It seems almost unfair. New York, a place needing absolutely no introduction, also lucking into the greatest municipal logo in the world: that “I Love New York” slogan, abbreviated to a brand of three striking black letters and a red heart. “I Love New York”, conjured in 1976 by Milton Glaser – originally scribbled, indeed, in the back of a yellow taxi – has since inspired seething envy and hapless imitation.
Seoul is taking another tilt, soliciting a replacement for its present official motto “I.Seoul.U” – which, as has been pointed out more than once in its eight-year stint, makes no sense whatsoever. Seoul authorities are preparing to conduct an extensive and expensive quest for a new catchphrase, with finalists to be put to a vote later this year.
All of which is an especially shocking waste of time and resources given Seoul’s unique natural advantage in this realm, ie that supremely punnable name. Accompanied by a tweaking of Glaser’s design just far enough from a lawsuit, “Heart & Seoul”, for one, is right there.
correspondent’s view: Milan
Big-ticket events such as the Olympics and world’s fairs are a double-edged sword for cities that host them. Get the formula right and economic benefits pour in as facilities are reconfigured; get it wrong and residents are stuck with eyesores and a mountain of debt.
These thoughts crossed my mind on a journey to the site of Expo 2015 in Milan. Seven years since its doors closed, the venue’s main thoroughfare was quiet on a late morning stroll. Where once thousands gathered daily to sample nibbles at country pavilions – food security was the theme of the exposition – small teams working for start-ups were occupying new open-plan offices.
While officials were slow to kickstart the area’s future, the wheels of progress finally seem to be turning. The former Italian pavilion anchors the Human Technopole, attracting the likes of pharmaceuticals giant Astrazeneca, which has its Italian headquarters here alongside genome-sequence company Illumina.
More efforts to make the site a life sciences and technology hub now abound. At the end of summer, a hospital opened. And Australian developer Lendlease has invested €2.5bn in the Milan Innovation District, which will include a new science campus to host thousands of students, along with residential and student housing, retail and a hotel. It might have been slow out of the starting blocks, but Milan seems to have found its stride at last.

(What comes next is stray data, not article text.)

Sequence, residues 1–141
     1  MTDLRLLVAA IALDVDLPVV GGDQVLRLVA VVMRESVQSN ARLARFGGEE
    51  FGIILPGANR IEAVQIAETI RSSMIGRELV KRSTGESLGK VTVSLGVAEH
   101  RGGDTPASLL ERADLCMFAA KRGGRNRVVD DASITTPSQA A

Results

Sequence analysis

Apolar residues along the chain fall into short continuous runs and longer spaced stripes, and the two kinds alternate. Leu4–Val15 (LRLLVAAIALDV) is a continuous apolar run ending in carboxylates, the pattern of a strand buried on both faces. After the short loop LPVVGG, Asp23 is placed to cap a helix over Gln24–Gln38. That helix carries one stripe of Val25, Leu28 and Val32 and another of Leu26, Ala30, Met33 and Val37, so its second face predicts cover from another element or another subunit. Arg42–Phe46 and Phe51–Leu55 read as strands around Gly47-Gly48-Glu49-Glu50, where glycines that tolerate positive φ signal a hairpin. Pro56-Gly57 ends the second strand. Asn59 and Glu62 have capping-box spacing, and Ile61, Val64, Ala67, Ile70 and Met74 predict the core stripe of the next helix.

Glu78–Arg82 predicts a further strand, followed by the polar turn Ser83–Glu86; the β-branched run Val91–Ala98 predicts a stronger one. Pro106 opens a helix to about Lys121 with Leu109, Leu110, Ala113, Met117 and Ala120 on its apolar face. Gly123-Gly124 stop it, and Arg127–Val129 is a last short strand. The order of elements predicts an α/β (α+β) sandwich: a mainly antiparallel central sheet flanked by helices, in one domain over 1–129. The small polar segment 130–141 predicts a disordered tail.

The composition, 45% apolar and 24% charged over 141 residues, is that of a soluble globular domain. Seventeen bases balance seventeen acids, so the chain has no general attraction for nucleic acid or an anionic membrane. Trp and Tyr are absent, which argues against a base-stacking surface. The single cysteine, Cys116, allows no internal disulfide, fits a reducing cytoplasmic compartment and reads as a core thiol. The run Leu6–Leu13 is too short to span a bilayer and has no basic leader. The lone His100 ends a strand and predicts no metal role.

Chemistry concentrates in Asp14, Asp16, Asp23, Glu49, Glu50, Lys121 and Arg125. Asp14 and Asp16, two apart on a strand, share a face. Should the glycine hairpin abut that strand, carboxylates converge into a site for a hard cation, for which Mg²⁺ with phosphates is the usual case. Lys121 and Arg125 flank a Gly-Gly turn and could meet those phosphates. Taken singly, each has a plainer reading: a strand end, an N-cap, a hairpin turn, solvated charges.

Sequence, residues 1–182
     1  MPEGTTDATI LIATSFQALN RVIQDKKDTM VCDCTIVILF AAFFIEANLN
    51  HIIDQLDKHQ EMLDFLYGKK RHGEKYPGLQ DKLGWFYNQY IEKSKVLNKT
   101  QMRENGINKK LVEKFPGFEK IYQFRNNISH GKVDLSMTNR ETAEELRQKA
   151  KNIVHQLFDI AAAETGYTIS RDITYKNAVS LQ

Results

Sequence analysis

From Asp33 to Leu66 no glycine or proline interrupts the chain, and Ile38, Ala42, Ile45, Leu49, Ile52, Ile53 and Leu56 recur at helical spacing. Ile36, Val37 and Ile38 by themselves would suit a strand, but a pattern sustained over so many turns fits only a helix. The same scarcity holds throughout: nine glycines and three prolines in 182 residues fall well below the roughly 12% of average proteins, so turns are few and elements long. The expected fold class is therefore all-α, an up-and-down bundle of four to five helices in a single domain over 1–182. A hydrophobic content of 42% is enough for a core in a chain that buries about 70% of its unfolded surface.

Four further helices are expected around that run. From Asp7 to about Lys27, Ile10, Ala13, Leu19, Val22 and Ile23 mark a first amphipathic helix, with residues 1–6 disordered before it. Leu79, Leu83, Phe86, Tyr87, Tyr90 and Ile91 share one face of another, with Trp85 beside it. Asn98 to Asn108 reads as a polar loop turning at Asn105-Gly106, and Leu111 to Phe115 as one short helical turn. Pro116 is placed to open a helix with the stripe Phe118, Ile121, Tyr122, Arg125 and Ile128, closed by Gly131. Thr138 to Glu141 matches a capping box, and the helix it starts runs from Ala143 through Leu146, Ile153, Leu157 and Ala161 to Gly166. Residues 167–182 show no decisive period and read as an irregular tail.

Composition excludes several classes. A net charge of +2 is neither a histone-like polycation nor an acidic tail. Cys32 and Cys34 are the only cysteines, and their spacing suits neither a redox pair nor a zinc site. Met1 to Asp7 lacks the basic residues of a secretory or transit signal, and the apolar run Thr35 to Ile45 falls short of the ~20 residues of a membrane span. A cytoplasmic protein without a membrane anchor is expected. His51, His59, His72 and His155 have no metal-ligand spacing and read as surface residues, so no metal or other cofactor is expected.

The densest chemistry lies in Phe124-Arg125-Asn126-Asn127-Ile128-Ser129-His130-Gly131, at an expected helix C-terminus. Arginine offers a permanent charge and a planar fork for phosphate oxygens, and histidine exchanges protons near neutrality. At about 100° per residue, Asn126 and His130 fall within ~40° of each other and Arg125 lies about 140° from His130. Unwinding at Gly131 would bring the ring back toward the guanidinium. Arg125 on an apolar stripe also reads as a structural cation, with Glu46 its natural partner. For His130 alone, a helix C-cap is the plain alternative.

Whodunnit? The prime minister
It’s not unusual for heads of state to have a different job prior to their political careers. Silvio Berlusconi was a cruise-ship singer and Madagascar’s president Andry Rajoelina, a radio DJ. Most drop their original vocation once they enter public service but Iceland’s prime minister, Katrín Jakobsdóttir, has taken exception and picked up a new one. She has penned a crime novel called Reykjavík alongside best-selling author Ragnar Jónasson. Jakobsdóttir’s debut follows a reporter seeking to get to the bottom of a missing persons case. On shelves in late October, we’re expecting Jakobsdóttir to track its popularity on the book charts as closely as her political polls.
While the UK’s royal family remains central to the nation’s life, many other countries have done away with their monarchs, leaving numerous princes and princesses to try to find themselves a new role in the world, in or out of the spotlight. We bow to some of the strangest.
Prince Lorenzo of Italy’s noble Borghese family runs a brewery in Miami and has appeared on TV show The Bachelor (pictured). How’s that for a royal reality check?
Princess Theodora, daughter of the last king of Greece, has had a career full of dramatic twists, acting in US soap The Bold and The Beautiful.
Prince Georg Friedrich Ferdinand is still fighting for the right to live in one of his family’s former castles, even though his great-great-grandfather abdicated the German throne in 1918.
Illustrator: Marcos Montiel
Images: Alamy, Getty Images